In some ways, the pigmentation gene is the hardest because instead of a nice simple two versions, with one dominant over the other, the “C” series has five different forms or alleles.  “C” is the dominant form which means that one copy of this allele will affect the color of the rabbit. The other four alleles of the pigment gene are : “c(chd)”, called chinchillation dark which results in chinchilla or silver marten varieties; “c(chl)”, chinchillation light, required for sable points, Siamese sable, and smoke pearl varieties; “c(h)”, Himalayan (or Californian) allele, giving pointed white, and “c”, for albino or ruby-eyed white variety.  Since each rabbit has two copies of the pigmentation gene, the dominance of each matters:  C > c(chd) > c (chl) > c(h) > c. 

The sable point rabbit pictured at the top of this post has very nice clean sable point color. Note the darker shading on his muzzle and ears.  The legs and feet are also darker sepia brown. The color over the body isn’t white, but is a very light almost “pearl” color (sable points are called “pearl” in the angora breeds).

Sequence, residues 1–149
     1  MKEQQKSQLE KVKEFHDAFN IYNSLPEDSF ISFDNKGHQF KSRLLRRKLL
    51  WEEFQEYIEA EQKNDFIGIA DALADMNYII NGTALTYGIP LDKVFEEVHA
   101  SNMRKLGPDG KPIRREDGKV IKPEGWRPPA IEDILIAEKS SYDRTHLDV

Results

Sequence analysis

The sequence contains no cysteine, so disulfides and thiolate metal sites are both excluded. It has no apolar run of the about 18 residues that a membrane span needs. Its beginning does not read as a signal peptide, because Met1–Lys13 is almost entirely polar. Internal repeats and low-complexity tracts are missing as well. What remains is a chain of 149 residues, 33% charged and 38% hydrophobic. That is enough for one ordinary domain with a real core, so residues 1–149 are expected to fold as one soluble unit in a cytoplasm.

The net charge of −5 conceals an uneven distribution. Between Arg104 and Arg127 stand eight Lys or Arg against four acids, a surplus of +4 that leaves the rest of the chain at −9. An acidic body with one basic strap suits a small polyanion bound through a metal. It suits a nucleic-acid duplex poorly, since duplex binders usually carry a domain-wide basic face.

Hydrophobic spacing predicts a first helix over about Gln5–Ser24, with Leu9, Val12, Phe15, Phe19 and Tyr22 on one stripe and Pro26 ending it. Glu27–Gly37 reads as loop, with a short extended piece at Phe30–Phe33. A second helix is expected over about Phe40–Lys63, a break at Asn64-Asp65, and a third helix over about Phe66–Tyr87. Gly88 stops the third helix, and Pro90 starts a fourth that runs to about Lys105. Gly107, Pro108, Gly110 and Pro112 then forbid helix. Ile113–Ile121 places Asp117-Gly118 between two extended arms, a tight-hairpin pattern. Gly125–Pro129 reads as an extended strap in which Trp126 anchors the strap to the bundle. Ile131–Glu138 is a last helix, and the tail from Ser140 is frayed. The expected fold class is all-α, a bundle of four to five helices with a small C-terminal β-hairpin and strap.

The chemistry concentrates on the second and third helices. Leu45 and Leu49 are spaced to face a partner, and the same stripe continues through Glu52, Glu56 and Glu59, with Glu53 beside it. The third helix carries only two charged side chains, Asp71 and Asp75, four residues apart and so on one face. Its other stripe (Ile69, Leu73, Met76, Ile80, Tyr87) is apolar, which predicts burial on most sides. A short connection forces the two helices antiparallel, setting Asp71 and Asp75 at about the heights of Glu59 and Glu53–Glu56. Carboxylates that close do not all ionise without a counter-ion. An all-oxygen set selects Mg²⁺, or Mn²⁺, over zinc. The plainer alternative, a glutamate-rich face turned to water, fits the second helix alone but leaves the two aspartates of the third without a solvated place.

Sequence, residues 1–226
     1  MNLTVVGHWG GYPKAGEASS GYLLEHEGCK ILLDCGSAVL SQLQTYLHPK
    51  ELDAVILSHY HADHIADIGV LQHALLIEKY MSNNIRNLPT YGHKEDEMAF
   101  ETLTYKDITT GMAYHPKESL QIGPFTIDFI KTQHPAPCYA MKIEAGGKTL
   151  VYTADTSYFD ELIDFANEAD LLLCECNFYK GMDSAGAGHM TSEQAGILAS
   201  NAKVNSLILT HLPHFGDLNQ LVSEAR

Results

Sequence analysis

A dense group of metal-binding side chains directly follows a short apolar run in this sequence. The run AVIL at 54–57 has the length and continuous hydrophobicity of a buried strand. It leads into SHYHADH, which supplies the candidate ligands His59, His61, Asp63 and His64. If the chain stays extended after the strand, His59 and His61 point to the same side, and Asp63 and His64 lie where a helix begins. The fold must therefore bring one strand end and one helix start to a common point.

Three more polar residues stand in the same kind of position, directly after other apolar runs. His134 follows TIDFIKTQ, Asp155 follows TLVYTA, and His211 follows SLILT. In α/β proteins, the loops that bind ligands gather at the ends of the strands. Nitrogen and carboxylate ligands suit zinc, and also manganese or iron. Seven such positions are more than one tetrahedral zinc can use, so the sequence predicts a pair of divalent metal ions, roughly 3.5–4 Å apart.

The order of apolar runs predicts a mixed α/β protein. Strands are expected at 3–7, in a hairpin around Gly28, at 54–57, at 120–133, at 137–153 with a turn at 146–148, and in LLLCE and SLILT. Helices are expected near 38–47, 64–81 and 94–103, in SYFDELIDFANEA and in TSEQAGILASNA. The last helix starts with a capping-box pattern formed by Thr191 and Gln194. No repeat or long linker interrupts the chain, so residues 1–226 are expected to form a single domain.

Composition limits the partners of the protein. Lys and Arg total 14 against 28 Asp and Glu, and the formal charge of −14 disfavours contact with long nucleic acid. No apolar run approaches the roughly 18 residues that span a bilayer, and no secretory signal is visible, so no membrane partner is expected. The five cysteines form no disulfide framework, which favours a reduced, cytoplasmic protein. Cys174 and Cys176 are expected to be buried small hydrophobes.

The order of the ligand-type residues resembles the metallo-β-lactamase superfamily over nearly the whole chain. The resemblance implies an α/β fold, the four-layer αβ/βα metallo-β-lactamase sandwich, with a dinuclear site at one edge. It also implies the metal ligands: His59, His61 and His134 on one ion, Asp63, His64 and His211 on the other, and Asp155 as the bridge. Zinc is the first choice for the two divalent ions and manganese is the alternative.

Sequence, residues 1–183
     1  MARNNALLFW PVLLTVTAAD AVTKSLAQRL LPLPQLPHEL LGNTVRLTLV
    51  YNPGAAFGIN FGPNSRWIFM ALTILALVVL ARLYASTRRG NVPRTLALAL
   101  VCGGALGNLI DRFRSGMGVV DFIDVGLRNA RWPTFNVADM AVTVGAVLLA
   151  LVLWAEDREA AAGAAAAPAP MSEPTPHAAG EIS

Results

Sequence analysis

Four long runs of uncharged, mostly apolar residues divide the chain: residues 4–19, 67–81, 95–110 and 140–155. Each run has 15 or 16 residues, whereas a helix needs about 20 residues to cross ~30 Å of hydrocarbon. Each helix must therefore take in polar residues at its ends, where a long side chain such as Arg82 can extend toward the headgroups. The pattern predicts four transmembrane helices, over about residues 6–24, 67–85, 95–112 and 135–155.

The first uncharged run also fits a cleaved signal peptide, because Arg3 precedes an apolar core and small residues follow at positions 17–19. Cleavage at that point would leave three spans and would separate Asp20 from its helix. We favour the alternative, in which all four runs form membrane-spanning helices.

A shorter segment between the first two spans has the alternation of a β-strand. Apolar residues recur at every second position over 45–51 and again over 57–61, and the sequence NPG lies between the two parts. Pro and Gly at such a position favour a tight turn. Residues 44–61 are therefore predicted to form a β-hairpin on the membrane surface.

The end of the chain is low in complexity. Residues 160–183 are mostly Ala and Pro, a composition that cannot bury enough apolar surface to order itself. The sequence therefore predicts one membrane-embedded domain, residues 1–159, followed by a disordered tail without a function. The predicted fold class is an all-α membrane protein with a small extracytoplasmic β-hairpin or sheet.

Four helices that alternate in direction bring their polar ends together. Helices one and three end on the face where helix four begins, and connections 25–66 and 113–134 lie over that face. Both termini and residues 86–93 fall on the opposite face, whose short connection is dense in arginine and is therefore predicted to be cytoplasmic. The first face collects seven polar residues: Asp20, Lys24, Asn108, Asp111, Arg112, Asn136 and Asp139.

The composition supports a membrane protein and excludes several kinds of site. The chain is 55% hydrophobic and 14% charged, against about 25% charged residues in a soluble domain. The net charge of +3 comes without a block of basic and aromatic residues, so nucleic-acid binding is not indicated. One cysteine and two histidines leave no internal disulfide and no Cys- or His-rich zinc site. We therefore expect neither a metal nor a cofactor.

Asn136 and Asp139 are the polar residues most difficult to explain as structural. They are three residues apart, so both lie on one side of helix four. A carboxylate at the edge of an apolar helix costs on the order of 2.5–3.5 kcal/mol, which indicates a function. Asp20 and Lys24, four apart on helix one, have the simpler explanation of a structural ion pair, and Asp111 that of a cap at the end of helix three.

Solid sable point AFL with clean color


Solid sable point with darker sable point color. 

There are variations in the sable point color that occur as seen above.  It is believed that two copies of the c(chl) gene will result in the darker version while one copy of the gene paired with a “c” allele will give the cleaner color.  This could be tested by breeding each of these rabbits to a ruby eyed white rabbit, if REWs as well as sable points are in the litters, then the sable point parent carried one copy of the c allele.

One complication with broken sable points is that the light body color can make it difficult to see the pattern on an adult.  The color is readily seen on a broken sable point kit. At birth the colored skin is as visible as in any other broken, and as the wool grows it is still easy to see.



But as the wool grows, the color seems to become diluted over the length of the hair shaft and be more difficult to see.  Sometimes these rabbits are disqualified for having too little color, but most judges realize the need to look closely (even in the sunlight if possible) at the body, as well as the head.  A rabbit with normal or heavy broken markings on the head is likely to be well colored on the body as well.